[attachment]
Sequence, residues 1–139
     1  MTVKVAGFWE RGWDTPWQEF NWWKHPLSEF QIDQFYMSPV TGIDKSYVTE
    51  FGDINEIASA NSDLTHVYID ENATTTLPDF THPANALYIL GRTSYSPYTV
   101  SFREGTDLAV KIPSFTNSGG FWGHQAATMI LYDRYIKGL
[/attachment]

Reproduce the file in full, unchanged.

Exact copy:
Sequence, residues 1–139
     1  MTVKVAGFWE RGWDTPWQEF NWWKHPLSEF QIDQFYMSPV TGIDKSYVTE
    51  FGDINEIASA NSDLTHVYID ENATTTLPDF THPANALYIL GRTSYSPYTV
   101  SFREGTDLAV KIPSFTNSGG FWGHQAATMI LYDRYIKGL